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ASPECTS OF RELIGION IN EUROPE
ASPECTS OF RELIGION IN EUROPE
Pages and Files
About Baptism (Hoejby)
About our project
Art and religion
Festivals of Orthodox Church. (Part 1)
Festivals of Orthodox Church. (Part 2)
Game of faith
How religion affects our diet
How religion affects our personal life
How religion affects our social life
How to make an orthodox icon
Interview with our bishop
Literature and religion
Music and religion
Our Cathedral and other churches of Kozani
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Festivals of Orthodox Church. (Part 2)
The festivals of Orthodox church
2nd High School of Kozani
Pupils: Batsila Christina, Naka Irene,Mouratidou Maria, Diadiasi Nikoletta, Mentolli Sofia, Paschalidou Despena, Papaeconomou Katerina, Papadimitriou Matina, Bliachoutas Giorgos, Nestoras Kyriakos, Papadopoulos Apostolis, Beberi Penelopi.
GREEK ORTHODOX EASTER
This week (1-4 / 8-4-2007) is the so called Megali Evdomada, Great Week, which is Easter Week for all Greek Orthodox people. It is the most important holiday of the year. Holy Week begins after 'Palm Sunday' and runs from Monday, where fasting and observance lead up to the so-called, 'Passion'. The Tuesday following it is usually devoted to scripture reading and Wednesday is devoted to the anointing the faithful with holy oil or a sprig of oregano. These sprigs are later thought to have healing powers. Thursdays usually finds the household up and very early decorating the churches, as priests read bible passages from the Last Supper. Later, the taking of communion begins in which all the faithful participate. In the evening services, the priest recites passages from the twelve gospels, describing the Passion of Christ. Many Orthodox fast before Easter, and are not allowed to eat various foods such as meat, butter, milk as well as olive oil for the last few days. Then they will go to a priest for confession, and are so allowed to partake in the Holy Communion.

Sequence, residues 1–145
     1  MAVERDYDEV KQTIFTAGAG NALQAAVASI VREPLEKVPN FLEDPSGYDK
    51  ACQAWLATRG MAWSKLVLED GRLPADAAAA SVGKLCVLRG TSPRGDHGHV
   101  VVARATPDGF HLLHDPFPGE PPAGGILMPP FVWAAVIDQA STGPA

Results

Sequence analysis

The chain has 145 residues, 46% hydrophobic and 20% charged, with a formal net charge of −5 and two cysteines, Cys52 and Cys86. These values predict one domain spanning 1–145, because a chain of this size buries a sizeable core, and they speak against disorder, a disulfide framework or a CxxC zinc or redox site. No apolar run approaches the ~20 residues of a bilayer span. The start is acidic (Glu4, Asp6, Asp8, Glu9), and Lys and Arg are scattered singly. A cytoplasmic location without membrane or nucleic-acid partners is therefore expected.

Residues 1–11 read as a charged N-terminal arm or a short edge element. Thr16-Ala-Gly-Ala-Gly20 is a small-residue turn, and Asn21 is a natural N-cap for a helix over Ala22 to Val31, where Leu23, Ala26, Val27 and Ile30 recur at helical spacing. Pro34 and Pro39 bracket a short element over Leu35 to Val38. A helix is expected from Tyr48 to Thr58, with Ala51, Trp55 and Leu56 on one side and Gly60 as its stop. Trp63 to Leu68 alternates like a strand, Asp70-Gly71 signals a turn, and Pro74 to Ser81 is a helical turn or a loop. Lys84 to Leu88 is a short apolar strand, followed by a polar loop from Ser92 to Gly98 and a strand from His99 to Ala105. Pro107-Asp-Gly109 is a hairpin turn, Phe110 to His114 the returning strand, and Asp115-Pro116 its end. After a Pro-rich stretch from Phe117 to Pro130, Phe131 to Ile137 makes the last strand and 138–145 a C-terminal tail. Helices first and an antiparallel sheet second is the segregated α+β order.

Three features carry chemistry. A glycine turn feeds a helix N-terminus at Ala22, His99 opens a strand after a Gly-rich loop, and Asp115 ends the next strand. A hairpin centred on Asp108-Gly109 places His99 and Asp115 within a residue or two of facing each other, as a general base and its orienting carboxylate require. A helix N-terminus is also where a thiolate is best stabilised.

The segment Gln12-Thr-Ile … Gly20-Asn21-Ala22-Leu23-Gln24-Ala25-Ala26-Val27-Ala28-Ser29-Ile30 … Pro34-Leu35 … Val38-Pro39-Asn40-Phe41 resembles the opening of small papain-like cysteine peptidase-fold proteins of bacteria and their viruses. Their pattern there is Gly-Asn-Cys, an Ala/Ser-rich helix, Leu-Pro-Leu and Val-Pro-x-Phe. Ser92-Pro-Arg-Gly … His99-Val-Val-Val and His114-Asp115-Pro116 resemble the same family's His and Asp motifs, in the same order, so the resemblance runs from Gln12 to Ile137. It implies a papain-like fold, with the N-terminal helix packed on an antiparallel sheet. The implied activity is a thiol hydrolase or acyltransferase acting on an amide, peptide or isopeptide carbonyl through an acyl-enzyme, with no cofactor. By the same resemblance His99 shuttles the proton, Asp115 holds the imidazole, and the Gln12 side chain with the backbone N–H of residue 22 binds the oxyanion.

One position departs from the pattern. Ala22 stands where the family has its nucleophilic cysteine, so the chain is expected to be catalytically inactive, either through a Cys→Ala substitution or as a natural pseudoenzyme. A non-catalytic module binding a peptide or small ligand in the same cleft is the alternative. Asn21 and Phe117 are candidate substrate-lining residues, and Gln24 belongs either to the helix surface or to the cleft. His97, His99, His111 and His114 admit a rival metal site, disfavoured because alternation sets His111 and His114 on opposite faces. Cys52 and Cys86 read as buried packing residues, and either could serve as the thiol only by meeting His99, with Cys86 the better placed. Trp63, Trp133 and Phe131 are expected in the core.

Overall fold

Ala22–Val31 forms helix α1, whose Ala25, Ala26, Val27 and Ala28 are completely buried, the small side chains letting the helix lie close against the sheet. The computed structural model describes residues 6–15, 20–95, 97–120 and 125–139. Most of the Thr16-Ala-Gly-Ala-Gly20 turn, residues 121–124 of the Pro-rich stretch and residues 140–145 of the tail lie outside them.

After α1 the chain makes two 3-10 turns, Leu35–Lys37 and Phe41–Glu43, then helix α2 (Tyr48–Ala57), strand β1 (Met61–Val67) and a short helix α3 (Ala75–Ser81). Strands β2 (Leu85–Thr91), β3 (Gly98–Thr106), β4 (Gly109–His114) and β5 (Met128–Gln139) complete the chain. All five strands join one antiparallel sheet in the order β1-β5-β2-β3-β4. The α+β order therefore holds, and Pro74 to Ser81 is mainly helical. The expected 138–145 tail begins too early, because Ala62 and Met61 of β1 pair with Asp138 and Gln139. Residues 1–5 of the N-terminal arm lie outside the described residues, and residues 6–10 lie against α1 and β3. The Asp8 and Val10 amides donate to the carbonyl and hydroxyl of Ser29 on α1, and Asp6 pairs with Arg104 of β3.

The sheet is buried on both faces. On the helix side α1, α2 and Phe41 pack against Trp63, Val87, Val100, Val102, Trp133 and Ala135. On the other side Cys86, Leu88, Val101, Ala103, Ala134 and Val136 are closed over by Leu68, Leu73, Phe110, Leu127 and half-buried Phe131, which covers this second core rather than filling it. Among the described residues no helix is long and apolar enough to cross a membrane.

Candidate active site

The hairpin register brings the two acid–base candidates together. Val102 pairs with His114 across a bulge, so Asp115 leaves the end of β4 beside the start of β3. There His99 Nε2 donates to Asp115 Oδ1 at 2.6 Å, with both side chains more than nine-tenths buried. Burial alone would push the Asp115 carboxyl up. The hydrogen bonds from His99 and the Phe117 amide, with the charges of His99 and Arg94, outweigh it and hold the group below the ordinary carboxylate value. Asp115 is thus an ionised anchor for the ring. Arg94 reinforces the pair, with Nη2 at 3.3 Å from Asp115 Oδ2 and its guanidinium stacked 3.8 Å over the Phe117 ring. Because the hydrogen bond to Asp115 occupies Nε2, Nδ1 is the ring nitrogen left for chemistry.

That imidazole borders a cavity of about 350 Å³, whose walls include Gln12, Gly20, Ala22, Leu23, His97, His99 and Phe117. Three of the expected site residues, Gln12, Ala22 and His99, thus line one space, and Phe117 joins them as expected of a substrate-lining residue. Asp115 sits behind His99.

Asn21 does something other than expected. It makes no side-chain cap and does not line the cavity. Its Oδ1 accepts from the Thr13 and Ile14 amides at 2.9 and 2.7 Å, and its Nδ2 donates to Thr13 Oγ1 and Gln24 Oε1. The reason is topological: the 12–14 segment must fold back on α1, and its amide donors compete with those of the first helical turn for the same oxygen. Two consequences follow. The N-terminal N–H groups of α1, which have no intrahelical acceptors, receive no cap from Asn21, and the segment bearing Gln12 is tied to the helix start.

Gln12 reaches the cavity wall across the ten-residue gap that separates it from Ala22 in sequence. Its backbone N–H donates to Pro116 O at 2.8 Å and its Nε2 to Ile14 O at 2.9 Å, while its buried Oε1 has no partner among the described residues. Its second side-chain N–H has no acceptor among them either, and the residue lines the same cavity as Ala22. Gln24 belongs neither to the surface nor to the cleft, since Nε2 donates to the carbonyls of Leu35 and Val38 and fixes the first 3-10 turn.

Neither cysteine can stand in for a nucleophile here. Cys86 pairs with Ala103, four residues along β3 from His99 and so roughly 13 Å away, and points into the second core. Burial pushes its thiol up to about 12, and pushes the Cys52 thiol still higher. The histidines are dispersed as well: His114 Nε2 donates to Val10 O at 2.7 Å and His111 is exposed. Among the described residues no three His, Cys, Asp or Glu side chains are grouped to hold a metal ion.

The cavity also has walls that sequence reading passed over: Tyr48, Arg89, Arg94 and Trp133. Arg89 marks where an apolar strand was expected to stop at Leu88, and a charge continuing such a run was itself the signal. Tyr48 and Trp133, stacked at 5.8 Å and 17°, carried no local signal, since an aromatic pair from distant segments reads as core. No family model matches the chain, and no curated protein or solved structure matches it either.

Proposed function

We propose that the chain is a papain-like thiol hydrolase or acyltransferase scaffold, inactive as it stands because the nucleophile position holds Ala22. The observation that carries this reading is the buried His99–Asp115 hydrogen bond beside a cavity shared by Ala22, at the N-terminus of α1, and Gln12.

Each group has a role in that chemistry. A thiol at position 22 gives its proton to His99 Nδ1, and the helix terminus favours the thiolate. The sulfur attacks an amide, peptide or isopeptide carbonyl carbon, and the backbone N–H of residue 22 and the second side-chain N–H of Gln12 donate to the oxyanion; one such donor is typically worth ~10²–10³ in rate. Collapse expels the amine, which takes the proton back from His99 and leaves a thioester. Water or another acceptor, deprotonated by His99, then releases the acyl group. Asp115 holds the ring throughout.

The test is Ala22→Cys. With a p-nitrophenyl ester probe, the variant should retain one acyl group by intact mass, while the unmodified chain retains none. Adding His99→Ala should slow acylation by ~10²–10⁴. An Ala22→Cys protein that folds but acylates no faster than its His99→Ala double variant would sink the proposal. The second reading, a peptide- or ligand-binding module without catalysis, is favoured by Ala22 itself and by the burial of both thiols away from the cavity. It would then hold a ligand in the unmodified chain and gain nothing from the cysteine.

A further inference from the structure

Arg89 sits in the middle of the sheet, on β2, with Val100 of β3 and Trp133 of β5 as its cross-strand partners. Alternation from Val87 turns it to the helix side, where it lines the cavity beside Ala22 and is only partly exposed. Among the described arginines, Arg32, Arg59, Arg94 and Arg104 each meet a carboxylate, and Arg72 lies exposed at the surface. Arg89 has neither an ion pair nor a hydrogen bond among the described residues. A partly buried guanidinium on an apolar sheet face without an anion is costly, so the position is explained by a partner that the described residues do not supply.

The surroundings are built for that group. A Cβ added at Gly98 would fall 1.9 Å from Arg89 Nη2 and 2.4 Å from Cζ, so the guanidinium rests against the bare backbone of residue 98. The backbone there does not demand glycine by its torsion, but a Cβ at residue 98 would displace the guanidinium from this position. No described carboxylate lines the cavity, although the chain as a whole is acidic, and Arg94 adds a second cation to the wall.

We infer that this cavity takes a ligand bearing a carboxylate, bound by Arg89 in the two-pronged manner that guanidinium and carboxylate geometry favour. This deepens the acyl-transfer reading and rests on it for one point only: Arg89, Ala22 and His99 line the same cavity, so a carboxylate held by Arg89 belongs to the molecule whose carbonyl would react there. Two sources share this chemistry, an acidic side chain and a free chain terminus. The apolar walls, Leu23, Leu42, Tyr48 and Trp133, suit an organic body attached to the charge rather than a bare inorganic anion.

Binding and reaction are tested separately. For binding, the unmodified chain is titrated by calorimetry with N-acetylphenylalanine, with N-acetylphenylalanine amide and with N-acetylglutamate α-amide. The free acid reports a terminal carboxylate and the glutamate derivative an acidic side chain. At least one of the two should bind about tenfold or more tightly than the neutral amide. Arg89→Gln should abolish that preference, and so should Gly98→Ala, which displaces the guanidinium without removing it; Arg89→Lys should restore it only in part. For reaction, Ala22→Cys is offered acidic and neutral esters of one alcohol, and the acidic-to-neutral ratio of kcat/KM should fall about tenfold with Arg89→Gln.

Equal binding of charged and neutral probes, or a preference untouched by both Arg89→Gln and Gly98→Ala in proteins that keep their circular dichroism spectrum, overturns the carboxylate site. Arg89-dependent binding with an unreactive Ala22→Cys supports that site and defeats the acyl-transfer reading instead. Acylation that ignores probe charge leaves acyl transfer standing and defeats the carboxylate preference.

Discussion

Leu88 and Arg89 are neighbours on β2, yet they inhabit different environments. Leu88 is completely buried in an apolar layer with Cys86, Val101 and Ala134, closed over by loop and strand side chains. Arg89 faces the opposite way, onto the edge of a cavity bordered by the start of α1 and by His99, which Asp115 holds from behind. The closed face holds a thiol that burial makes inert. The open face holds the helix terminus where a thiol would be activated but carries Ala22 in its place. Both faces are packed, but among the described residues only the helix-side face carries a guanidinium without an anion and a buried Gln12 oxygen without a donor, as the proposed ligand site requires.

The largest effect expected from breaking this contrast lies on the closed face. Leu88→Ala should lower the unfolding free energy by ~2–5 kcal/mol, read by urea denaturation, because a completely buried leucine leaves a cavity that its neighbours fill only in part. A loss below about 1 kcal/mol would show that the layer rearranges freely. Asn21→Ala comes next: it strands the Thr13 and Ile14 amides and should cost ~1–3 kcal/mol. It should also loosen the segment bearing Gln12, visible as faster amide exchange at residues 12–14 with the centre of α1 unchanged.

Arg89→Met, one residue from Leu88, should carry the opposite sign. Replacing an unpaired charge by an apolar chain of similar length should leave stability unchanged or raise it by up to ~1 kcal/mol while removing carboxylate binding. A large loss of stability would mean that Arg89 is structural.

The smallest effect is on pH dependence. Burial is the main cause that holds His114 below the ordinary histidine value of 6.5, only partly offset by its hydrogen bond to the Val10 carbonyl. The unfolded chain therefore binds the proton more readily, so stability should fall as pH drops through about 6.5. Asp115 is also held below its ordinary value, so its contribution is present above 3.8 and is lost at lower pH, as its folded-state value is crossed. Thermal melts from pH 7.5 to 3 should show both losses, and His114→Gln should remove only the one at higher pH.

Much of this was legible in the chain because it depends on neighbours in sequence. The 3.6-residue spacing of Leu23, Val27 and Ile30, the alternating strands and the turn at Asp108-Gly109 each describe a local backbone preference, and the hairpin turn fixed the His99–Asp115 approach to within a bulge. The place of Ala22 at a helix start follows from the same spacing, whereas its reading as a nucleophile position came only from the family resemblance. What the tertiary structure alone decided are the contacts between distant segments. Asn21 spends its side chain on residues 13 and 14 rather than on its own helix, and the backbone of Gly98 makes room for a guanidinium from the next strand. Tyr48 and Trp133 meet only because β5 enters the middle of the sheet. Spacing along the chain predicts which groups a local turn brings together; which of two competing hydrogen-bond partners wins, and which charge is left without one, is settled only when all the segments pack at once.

On Good Friday, most
shops and businesses are closed and flags are flown at half-mast in commemoration of Christ being taken down from the cross. The actual Easter festival begins on Good Friday and people go to the churches
to see how the priests take down the icon of Christ off the cross, wrap it in linen and put it in a great casket covered in flowers symbolizing the tomb of Christ. After this, the bier is carried out of the church and paraded through the streets in a lengthy funeral procession. On Holy Saturday, the ceremonies come to a close as people begin to break their fasts, savoring specially prepared dishes like 'magiritsa' soup, made of lambs innards. The rest of the day is spent preparing for next day's big lamb feast at the Easter Sunday celebrations.
On Saturday everyone goes to church late in the evening, carrying with them unlit candles. The priest let the people light their candles of the Holy Flame taken from Christ's nativity cave in Jerousalem.At midnight the priest announces the resurrection of Christ ("Christos anesti") and everyone sings and we kiss each other wishing "Christos anesti". As everybody does this, fireworks and crackers go off and the dark night is filled with light. After this, everybody goes home for a meal - the fast is over. If their candles are still burning, a cross is made in the door
way with the soot, to protect the house for the coming year.
On Easter Sunday friends and family gather in homes, eating lamb on the spit and dyed eggs. Before the red eggs are eaten, however, you must crack them against your neighbours, and whoever wins by having a whole egg at the end, will get all the luck.
Many places in Greece celebrate Easter in their own way. A few examples: On Corfu the patron saint Spyridon is celebrated. His body, that has not ecomposed, is carried around